To those unfamiliar with hydrology and geology, “spring water” is often assumed to be infinite and pure—maybe even healthier than water you can get from the tap. But is that image supported by data?
During the fall seasons of 2019 and 2020, IGWS research scientists Tracy Branam, Sarah Asha Burgess, and Lee Florea, along with graduate students from the O’Neill School of Public and Environmental Affairs, collected samples from perennial springs in the uplands of southern Indiana. Their work was supported with a grant by the Indiana University Center for Rural Engagement (CRE).
In areas where lakes and rivers do not provide ample supplies of water, springs can be important resources for farmers and the local economy; water can be a limiting factor for businesses, homes, and tourism. Of course, water quality is important in addition to quantity. “We had a lot of spring owners interested in finding out results,” Branam said. “Some of them said they’d been drinking it for years and wanted to know if it was good or not, and others were wanting to develop it for either commercial selling or for livestock use or irrigation.”
IGWS research scientists tested for general chemistry, nutrients, trace elements and coliform bacteria on samples from more than 100 springs in nine southern Indiana counties.
As expected in a limestone-dominated environment, most of the springs are rich in calcium and bicarbonate. Other springs have waters that interacted with dolomite, and therefore have significant magnesium. A small number of highly mineralized springs in the area have historical significance from the early 1900s, when resorts, spas and sanitariums were built to capitalize on the “healing qualities” of these mineral-rich waters.
While none of the springs studied contained priority pollutant trace elements—such as lead, chromium, arsenic or cadmium—in levels above EPA standards for public drinking water supplies, several contain coliform bacteria, and particularly E. coli, some strains of which are related to animal and human wastes.
Data for individual springs was sent to private owners or government agencies requesting it. The IGWS does not have any authority to regulate water quality; it only collects and shares data, Branam told the CRE during a presentation last month.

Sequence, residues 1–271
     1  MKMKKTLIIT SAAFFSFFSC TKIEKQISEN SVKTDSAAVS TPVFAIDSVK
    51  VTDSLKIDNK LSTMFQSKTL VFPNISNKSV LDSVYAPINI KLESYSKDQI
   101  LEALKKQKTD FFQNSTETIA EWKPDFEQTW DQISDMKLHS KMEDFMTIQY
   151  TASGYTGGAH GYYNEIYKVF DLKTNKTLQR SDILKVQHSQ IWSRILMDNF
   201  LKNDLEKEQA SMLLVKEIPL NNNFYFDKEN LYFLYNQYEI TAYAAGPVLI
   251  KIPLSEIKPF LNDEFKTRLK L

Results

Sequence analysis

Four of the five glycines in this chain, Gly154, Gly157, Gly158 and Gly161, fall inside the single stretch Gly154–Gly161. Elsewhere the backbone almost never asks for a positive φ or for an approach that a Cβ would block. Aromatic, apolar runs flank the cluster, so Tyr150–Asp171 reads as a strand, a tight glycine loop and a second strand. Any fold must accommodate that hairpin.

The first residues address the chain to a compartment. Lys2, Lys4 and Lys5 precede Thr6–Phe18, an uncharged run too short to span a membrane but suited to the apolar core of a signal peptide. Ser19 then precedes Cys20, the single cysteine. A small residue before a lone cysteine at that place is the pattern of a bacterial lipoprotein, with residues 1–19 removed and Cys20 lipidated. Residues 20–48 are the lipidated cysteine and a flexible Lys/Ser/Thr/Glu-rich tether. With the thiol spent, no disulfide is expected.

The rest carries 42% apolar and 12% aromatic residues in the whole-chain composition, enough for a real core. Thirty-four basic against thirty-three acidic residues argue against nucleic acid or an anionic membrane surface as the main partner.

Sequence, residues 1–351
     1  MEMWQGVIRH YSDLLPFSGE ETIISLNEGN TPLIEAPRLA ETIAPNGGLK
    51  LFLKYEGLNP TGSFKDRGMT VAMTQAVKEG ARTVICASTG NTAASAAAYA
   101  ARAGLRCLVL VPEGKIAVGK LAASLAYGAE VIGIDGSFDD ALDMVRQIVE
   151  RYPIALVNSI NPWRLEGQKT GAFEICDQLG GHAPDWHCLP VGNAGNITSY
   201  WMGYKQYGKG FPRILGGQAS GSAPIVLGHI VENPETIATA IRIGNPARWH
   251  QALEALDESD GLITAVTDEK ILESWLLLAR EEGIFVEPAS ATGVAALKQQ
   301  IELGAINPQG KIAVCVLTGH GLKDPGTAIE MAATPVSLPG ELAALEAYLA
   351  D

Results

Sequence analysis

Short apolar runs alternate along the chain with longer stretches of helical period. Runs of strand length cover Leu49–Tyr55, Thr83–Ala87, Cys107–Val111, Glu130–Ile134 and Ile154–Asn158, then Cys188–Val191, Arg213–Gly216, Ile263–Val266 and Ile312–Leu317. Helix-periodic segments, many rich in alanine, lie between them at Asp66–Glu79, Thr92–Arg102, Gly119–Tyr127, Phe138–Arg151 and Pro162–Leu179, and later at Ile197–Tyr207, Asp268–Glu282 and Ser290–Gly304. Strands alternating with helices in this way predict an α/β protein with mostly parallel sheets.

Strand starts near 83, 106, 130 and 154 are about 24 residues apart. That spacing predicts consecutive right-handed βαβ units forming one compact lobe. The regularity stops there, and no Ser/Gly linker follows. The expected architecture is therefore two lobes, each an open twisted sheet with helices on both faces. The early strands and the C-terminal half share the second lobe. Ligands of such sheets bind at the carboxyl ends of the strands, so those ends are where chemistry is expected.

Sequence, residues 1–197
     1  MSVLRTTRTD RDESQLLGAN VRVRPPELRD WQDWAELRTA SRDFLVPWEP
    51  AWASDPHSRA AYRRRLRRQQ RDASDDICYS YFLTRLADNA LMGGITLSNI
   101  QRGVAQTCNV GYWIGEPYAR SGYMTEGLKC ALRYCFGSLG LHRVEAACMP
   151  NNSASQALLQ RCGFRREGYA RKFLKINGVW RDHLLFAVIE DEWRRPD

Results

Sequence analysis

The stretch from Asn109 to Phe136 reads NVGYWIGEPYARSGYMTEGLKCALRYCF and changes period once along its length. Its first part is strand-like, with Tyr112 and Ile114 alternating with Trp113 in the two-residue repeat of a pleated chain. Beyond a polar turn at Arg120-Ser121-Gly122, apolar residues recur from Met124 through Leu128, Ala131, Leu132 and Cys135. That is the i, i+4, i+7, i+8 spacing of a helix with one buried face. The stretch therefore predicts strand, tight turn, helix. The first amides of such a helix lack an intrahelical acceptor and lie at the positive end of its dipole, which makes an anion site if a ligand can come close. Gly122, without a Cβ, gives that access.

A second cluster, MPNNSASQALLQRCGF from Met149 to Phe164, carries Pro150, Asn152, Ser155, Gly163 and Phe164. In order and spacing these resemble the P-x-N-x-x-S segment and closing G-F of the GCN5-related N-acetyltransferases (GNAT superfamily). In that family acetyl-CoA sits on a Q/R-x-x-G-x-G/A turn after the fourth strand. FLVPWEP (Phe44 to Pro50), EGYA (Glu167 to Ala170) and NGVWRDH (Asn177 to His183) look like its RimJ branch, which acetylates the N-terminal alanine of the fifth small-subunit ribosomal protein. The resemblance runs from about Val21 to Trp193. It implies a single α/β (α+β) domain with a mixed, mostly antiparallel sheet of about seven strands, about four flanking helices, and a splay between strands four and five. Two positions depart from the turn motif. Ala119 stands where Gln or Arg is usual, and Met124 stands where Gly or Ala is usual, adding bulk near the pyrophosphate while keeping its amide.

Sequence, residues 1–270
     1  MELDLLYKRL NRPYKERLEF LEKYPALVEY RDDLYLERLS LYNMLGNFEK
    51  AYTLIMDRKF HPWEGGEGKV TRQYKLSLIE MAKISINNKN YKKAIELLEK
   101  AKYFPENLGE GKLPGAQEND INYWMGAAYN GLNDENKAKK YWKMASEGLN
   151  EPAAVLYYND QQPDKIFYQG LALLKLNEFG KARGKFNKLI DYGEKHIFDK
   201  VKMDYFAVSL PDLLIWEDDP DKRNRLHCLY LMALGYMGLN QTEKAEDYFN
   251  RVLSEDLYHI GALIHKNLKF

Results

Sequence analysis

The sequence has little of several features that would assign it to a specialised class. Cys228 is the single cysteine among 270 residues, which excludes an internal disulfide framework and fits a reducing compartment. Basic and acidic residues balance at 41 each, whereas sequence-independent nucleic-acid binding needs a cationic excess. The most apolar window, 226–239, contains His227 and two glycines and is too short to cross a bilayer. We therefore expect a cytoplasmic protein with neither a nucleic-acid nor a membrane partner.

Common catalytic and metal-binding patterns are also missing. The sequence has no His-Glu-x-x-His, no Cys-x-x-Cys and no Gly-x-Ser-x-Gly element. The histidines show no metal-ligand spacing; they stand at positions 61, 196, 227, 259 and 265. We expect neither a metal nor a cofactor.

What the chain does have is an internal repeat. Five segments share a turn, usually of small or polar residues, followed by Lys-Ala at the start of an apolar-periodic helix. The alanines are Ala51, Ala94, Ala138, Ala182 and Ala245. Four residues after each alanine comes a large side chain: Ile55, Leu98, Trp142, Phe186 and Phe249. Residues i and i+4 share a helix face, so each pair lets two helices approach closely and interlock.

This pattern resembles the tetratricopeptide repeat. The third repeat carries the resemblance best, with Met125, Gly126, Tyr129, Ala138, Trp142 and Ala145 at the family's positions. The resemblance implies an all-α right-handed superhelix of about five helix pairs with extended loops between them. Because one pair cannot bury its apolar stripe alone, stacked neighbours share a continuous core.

The IGWS is currently creating a webpage where the data and approximate locations of these springs will be available to the public, subject to privacy restrictions. Springs data will be updated, and viewers will be encouraged to report springs that haven't yet been mapped.
For Burgess—who was a graduate student at the time—the research aligned with her work in caves of southern Indiana, supported by another CRE grant. Unlike the Upland Springs project, the Mitchell Plateau Critical Zone Observatory project was restricted to just Lawrence and Orange counties. It involved groundwater sampling twice a month for two years. With the help of Florea and Branam, Burgess investigated the connections between sulfur in groundwater, rocks, and petroleum, and how those connections relate to cave development and the chemistry of groundwater.
Making connections between Indiana University and surrounding communities has been a driver of the CRE’s work in general. So far, Burgess has created a poster for Owen County springs data, recently displayed at the Owen County Soil and Water Conservation District Water Day in Spencer. That kind of outreach and community information-sharing is what Branam would like to see in every county.
Burgess considers several of the people she met during these projects to be friends. “I think that there are a lot of good relationships to be built down there, and there is a lot of trust and community-building that has been done that we can continue with, if we do more work in these areas,” she told the CRE.
For Branam, the work has deep roots; he has studied groundwater for most of his 30-plus-year-career at the IGWS. Being able to do it in the place where he grew up makes it doubly meaningful. “I was born in this town; my family goes back several generations in this south-central part of the state,” he said. “… I really want to do what I can for the state, as much as I can to help the people of Indiana … who just want to make a living.”
In addition to the implications for nearby residents, understanding the quality and quantity of groundwater and how it relates to the geology and landscape through which it passes can factor into climate change research and planning. Long-term monitoring is critical to understand the connections between climate and groundwater in limestone landscapes like the Mitchell plateau, Florea said, and data from a network of researchers around the world is working toward this goal.
“The projections show that surface water is going to become even more scarce in Indiana in the coming decades, and that we’re going to have a drier dry season, wetter wet season and not much winter moving forward—the climate’s going to be more like Alabama—and our spring water resources are going to be very important,” Burgess added.
“And even more so, I think having people understand how complicated and fragile the earth that they’re living on is very important, and it doesn’t get there unless people who are doing that work talk to them.”